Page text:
Ways to Increase ‘Active Travel’

Ride to Reach Fair 2018

The House of Commons Transport Select Committee asked for views on how to increase the amount of walking and cycling -active travel.

This is our response.

Ely Cycling Campaign (ECC) wants better cycle facilities in and around Ely, Cambridgeshire and promotes cycling in the area. Cycling in Ely languishes whilst we see it doing much better 10 miles to the south, in Cambridge. We briefly describe below two of our experiences of what goes wrong then draw on these to make our conclusion.

East Cambridgeshire District Council is very proud of the cycling facilities from the centre of town to the new Leisure Village. The details in the planning permission and in the promotional material looked good but when it came to delivering, the cycle facility stopped short of the cycle parking. The area that we thought would provide that link is planted with trees, a commercial sign and a utilities box. Cyclists are expected to dismount and mix with pedestrians for the last 200 yards of their trip. This, according to the Council is adequate.

The Ely Southern Bypass budget included a large sum for walking and cycling across this busy road (A142), as part of a plan, included in the Proposed Submission Local Plan, for walking and cycling between an outlying village, Stuntney, and town. No walking/cycling crossing has been built. In addition, despite this new replacement road, motor vehicle access at the old site will be retained, which encourages short motor trips rather than using active travel.

We conclude that the root cause of these errors is local politicians’ lack of understanding of active travel, their undue bias to motor vehicle transport and inadequate consultation. The engineers are the same as those who build better cycling infrastructure to be found in Cambridge.

You can find more details on the above points and similar issues at our website: https://elycycle.org.uk/

Please find below an extract from the ECC draft response to the Department for Transport (DfT) request for views on the introduction of new cycling offences. The points made in this extract are relevant to your enquiry.

We acknowledge that when asked about barriers to cycling, non-cyclists usually put perceived lack of safety at the top of the list. Safety is an important consideration and can be partly addressed by improved cycling infrastructure, in particular provision of an integrated transport network. However, motoring short distances needs to be engineered out of the transport options. Given the nature of local politics, central government needs to lay down strict standards for new transport infrastructure builds, ones that provide a feeling of safety to cyclists and dissuade short motor trips, and ensure that they are adhered to.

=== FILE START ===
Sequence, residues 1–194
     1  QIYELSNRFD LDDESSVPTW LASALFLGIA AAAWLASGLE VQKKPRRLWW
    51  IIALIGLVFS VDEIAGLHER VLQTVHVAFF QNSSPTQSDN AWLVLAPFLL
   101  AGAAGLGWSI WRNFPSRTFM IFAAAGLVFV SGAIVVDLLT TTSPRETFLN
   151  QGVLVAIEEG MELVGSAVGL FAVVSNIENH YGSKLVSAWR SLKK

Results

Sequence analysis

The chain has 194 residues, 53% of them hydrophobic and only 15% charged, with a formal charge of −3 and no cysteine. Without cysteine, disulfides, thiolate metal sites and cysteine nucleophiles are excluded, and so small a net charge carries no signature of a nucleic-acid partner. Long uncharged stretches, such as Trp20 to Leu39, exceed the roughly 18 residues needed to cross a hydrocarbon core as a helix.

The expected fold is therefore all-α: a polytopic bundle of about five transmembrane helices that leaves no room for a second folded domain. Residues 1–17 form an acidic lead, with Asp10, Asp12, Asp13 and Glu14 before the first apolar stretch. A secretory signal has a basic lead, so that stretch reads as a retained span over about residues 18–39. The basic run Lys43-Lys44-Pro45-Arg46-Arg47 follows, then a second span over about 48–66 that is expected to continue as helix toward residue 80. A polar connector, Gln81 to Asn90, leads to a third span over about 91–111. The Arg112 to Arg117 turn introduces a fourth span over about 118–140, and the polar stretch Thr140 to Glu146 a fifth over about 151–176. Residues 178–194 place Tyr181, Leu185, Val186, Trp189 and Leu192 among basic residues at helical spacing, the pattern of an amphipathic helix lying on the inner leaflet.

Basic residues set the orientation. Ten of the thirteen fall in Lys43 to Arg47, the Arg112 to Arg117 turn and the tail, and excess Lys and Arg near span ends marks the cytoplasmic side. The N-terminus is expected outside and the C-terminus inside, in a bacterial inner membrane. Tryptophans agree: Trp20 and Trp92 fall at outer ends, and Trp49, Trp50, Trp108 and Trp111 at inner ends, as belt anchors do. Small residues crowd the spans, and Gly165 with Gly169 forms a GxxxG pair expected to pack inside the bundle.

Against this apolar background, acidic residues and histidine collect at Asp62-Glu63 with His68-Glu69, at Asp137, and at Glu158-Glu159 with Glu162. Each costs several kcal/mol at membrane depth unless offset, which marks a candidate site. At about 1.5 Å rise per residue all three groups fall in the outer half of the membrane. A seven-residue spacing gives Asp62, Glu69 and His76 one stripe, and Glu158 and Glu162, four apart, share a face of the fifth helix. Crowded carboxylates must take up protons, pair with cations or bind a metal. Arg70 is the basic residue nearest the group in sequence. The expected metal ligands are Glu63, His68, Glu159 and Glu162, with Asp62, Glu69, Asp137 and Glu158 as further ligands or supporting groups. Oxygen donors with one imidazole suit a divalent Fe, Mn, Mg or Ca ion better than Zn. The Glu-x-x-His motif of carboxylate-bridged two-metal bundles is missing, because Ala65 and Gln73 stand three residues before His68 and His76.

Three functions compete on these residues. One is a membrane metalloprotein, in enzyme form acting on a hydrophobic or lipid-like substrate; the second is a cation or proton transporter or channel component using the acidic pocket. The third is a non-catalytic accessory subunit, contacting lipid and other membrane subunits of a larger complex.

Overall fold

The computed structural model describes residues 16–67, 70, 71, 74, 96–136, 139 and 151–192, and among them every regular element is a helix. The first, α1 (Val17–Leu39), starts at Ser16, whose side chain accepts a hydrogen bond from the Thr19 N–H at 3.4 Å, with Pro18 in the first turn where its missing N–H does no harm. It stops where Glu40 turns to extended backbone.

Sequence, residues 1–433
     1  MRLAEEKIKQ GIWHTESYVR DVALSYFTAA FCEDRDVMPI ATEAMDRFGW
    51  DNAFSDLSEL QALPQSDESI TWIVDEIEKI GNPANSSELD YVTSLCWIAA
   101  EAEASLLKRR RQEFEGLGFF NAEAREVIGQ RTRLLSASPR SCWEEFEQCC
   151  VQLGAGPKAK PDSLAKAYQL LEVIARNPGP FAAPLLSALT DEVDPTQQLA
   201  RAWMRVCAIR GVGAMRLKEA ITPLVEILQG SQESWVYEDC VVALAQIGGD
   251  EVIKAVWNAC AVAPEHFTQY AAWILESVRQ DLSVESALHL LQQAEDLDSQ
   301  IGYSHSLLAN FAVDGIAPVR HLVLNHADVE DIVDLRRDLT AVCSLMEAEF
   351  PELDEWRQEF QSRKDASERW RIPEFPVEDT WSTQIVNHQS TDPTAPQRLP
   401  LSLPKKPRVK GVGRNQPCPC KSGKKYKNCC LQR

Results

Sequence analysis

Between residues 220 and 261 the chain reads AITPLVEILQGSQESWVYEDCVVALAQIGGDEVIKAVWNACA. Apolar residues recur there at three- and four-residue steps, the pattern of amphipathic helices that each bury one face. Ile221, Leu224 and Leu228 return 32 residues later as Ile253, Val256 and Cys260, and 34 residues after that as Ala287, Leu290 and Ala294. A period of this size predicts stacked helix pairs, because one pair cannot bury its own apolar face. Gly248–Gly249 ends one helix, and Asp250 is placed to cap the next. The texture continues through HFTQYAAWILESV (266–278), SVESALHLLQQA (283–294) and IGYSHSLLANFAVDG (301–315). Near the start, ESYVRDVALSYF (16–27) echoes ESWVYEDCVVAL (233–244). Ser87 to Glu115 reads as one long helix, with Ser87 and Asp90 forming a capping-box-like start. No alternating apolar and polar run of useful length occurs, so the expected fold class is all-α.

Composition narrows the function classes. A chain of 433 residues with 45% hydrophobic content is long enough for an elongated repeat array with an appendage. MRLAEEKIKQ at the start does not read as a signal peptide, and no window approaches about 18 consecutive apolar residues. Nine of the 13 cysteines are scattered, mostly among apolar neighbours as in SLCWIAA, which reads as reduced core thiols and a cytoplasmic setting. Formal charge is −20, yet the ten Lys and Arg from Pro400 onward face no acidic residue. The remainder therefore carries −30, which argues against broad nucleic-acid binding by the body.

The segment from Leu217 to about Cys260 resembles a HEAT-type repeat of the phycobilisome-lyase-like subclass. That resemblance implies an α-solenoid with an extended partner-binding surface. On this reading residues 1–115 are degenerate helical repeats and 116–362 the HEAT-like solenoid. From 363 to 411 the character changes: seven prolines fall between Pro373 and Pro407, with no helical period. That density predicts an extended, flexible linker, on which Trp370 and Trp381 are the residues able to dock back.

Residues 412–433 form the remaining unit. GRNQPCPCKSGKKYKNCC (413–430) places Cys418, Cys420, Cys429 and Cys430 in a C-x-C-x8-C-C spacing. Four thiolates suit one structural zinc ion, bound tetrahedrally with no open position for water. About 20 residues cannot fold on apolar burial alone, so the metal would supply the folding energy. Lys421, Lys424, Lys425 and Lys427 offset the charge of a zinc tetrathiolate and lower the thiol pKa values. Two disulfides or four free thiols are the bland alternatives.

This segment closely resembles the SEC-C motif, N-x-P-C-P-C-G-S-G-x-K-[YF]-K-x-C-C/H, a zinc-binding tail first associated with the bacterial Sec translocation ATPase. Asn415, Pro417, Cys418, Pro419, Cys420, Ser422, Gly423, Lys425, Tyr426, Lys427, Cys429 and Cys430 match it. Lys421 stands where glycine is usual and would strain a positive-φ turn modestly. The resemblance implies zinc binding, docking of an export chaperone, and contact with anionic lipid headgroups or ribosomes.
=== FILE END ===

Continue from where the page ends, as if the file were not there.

Extract from the Ely Cycling Campaign draft response to the DfT Consultation on Cycling Offences

We note (from police STATS19 data) that in Cambridgeshire, pedestrians killed or seriously injured (KSI) have remained unchanged since 2004. However, cyclist KSI have increased over the years, being greater than pedestrian KSI ever since 2009. In the Ely District, we have had 2 cyclist deaths and 56 seriously injured between 2005 and 2016. In the same period, there were over 200 STAT19 pedestrian injuries (all severities) but none involved a cyclist.

Motor vehicle occupants have KSI statistics threefold greater than either pedestrians or cyclists and of course, drivers of motor vehicles are responsible for the vast majority of KSI in other travellers. We also note a recent increase in motor vehicle occupants KSI.

ECC is concerned by the limited scope of the DfT consultation. We have no objection to introducing new cycling offences but any change that does not include motor vehicle offences and penalties is a distraction from the clear needs as illustrated by the above statistics.

Four years ago, DfT recognised that our road traffic laws were not working and promised to do something about it. We ask the DfT to broaden the remit of the current review to include all traffic law. This could both promote road safety and help ensure that appropriate sanctions are imposed when people are endangered by the behaviour of other road users.

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